Ashton Kutcher, Jon Cryer
Two and a Half Men has never been shy about pushing the envelope, and that won't change this fall.
Speaking to reporters after her executive session at the Television Critics Association fall previews, CBS Entertainment Chairman Nina Tassler revealed the final-season plan, which includes a fake gay relationship between Walden (Ashton Kutcher) and Alan (Jon Cryer) — and a new half man (or woman)!
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"Walden is going to have a major health scare and it is going to give him a little bit of an existential crisis," Tassler said. "He wants to find a way to add more meaning to his life, so he decides he wants to adopt a child. In doing so, he starts the process and he realizes that it's very difficult, to adopt a child as a single, straight man. So, once and for all, he decides, 'I'm going to propose to Alan, we're going to get married and adopt a child as a gay couple.'"'
When asked if the LGBT community might cry foul, Tassler demurred. "It's a very positive statement," she said. "It's like, 'I am going to adopt a child as a gay couple.' The reality is, he can do that. In a universe where at one point you couldn't do that and now you can do that, that's a much more positive statement that he's making."
And for those hoping for a wild resurrection of Charlie Sheen's Charlie Harper, don't hold your breath. "We're not having those conversations right now," Tassler said.
Other highlights from Tassler's executive session:
Big Bang Theory contract negotiations: Although deals are still not in place for the five stars of TV's biggest comedy , Tassler said she is "very confident" the negotiations will be resolved before the show goes into production in two weeks. "We have successful shows and when you have successful shows, you have renegotiations," she said. "We're feeling very confident that everything will work out. These deals always get miraculously done."
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Late Night changes: Tassler said the network is in the middle of setting the timetable for the transition between David Letterman and Stephen Colbert, as well as having very cursory talks about the details of Colbert's new Late Show. "He does want the interview format," Tassler said, noting again that he will retire his Comedy Central character and may or may not have a band.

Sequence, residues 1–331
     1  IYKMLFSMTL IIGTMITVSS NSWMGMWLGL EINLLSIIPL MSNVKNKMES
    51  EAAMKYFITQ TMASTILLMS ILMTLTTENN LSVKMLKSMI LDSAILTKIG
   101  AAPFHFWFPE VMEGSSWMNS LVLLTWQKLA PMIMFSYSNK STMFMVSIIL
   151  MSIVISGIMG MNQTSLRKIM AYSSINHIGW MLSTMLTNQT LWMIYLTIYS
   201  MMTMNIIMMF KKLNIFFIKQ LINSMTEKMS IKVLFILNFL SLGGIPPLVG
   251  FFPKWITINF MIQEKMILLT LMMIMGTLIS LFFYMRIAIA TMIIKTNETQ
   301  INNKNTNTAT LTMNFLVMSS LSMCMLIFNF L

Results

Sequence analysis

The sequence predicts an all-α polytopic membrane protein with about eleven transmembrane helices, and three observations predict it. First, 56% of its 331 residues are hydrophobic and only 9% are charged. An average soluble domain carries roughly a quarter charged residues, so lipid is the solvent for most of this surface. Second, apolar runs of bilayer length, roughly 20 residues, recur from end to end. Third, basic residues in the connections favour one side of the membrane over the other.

However, bigger formatting changes may be afoot when it comes to filling the 12:30 timeslot and replacing Craig Ferguson on The Late Late Show. "We're looking at it through a different lens," Tassler said "The knee-jerk reaction is to go for another traditional, behind-the-desk interview show. There is an opportunity to look at all types of hosts — not just from the comic world, there's the political world." Tassler also said that, whatever new format the show takes, there is the possibility that they may rotate hosts for a while as the network did when replacing Craig Kilborn.
Is How I Met Your Dad dead? Tassler seemed open to continuing discussions with How I Met Your Mother creators Craig Thomas and Carter Bays about future projects. "We adore those guys and we want very much to stay in business with them," she said. Including a new take on the Dad pilot? "Some things worked, some things didn't and we'd love to take another shot. As I've said many, many times, Big Bang would not be Big Bang without having redone that pilot. I could not imagine Kaley Cuoco not being a part of that show."
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More Under the Dome? Tassler seemed confident about the prospect of more Under the Dome . "I feel good. We haven't had those conversations yet. It's still very early. But I love the creative," Tassler said. "I love where we're heading toward the end of the season, so we'll see. We're doing great." But if this were the last season, could the producer wrap it up? "They're pretty nimble. They're pretty smart," she said. "They could do it very quickly if they needed to. But right now, I'd love [for] the show to continue."
Long live NCIS: Tassler took a little time to gloat about having the biggest show, not just on network TV, but the world. "Our competitors may call [NCIS] old-skewing, we call it a billion-dollar franchise," she said. However, when pressed about her concerns that CBS has fallen to third place in terms of 18-49 demo ratings, Tassler said, "We're in a transitional phase. If we're only going to talk about 18-49, I may as well get out of my chair and turn my television [dial] manually. ...There are many more standards by which we are measured. Definition of success is changing, it's evolving. I think 18-49 is just part of the conversation."
On Emmy snubs: Tassler didn't mince words. "I'm still really pissed about The Good Wife," she said. "I'll hold up The Good Wife to any show on TV, cable or broadcast. That's a great quality show." When later asked about the quality of that show relative to other network shows, including those on her own network, Tassler said, "We always strive for excellence across the board. Our goal is to produce the best content, our goal is always to hire best actors and be in business with the best writers. As broadcasters, we ask ourselves, are we entertaining the greatest number of people and are we making the most amount of money doing that? We have to hit that creative holy grail.
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